Jacob's Pillow Dance is lauded worldwide as a "hub and mecca of dancing" (TIME Magazine), "one of America's most precious cultural assets" (Mikhail Baryshnikov), and "the dance center of the nation" (The New York Times). "The Pillow" is a treasured 220-acreNational Historic Landmark, a recipient of the prestigious National Medal of Arts, and home to America's longest-running international dance festival.

Each year thousands of people from across the U.S. and around the globe visit the Berkshires of Western Massachusetts to experience the Festival with more than 50 dance companies and 200 free performances, talks, and events; train at The School at Jacob's Pillow, one of the most prestigious professional dance training centers in the U.S.; explore the Pillow's rare and extensive dance Archives; and take part in numerous Community Programs designed to educate and engage dance audiences of all ages.

Mission Statement
To support dance creation, presentation, education, and preservation; and to engage and deepen public appreciation and support for dance.

Presentation
World premieres, U.S. debuts, master and emerging artists, and collaborations with composers, visual artists, and writers comprise over 160 performances presented each Festival season.

Creation
New work and the development of the art form are supported through commissions, the Creative Development Residency program, and the Jacob's Pillow Dance Award.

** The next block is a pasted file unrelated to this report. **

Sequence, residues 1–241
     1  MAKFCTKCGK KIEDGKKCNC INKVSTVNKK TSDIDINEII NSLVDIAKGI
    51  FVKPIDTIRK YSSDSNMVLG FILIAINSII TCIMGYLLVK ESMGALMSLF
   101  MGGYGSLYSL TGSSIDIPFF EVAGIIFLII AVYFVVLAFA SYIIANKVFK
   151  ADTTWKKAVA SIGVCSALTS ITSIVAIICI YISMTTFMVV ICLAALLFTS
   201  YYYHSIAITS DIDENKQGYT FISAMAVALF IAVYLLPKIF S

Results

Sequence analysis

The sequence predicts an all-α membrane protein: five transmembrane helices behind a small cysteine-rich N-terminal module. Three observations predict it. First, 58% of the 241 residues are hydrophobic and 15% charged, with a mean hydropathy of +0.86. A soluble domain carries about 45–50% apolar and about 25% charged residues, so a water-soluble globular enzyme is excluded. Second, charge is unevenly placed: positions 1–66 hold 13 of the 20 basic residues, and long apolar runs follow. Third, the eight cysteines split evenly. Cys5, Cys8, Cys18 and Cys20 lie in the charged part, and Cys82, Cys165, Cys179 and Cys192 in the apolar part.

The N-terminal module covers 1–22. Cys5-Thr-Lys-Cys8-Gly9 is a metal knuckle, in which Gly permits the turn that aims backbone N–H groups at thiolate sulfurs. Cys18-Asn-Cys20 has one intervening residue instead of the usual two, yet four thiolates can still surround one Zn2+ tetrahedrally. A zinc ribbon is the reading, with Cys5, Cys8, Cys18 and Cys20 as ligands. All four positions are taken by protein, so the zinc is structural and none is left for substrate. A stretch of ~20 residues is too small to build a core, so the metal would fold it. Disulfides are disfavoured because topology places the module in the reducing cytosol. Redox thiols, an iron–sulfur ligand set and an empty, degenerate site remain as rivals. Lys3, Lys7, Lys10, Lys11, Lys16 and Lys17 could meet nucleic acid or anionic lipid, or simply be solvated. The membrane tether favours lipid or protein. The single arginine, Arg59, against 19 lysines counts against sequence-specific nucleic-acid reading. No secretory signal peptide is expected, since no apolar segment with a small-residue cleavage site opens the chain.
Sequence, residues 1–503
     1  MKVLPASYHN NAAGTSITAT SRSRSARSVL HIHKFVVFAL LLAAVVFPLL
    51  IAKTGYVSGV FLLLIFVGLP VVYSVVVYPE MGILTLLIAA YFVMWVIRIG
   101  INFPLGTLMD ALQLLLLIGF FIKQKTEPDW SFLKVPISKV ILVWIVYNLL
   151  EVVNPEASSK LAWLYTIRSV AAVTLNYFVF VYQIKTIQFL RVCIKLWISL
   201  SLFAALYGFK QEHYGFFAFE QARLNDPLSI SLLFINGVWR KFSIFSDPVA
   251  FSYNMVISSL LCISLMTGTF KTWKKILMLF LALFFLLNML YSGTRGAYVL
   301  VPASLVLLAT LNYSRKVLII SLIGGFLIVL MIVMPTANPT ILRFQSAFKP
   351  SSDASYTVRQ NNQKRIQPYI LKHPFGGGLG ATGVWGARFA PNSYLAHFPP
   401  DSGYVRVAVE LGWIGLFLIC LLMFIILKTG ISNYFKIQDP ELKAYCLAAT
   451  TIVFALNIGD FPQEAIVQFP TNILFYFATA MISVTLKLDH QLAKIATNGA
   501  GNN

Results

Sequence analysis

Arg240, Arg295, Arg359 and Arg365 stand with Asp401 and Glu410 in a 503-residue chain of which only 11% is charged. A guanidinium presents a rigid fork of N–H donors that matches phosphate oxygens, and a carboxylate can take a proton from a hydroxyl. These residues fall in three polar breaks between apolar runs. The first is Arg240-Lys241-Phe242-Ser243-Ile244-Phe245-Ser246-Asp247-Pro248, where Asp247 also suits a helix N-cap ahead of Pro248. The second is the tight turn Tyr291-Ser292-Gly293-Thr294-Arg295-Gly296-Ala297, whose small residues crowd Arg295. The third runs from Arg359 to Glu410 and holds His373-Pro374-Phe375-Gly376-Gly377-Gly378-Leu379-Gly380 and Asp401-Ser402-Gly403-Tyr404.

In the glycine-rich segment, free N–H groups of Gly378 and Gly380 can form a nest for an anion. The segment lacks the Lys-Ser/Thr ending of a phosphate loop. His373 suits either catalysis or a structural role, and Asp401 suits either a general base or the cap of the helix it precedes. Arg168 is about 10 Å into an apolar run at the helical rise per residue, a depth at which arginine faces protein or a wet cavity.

Education

The School at Jacob's Pillow provides training by eminent faculty that not only produces great dancers, but also great artists. The Intern ProgramPublic School Programs, and Community Classes educate people of all ages about the art of dance.

Preservation
The Pillow is a National Historic Landmark with rare and extensive dance Archives encompassing materials from 1894 through today. The photography collections, films, library, exhibits, and video viewing stations are free and open to the public.

Engagement
The general public, students, scholars and artists are invited to experience dance through more than 200 free performances and talks, rehearsals, class observationtours and interaction with artists, scholars, writers, filmmakers, and composers.

About

"the dance center of the nation and possibly the world." -The New York Times

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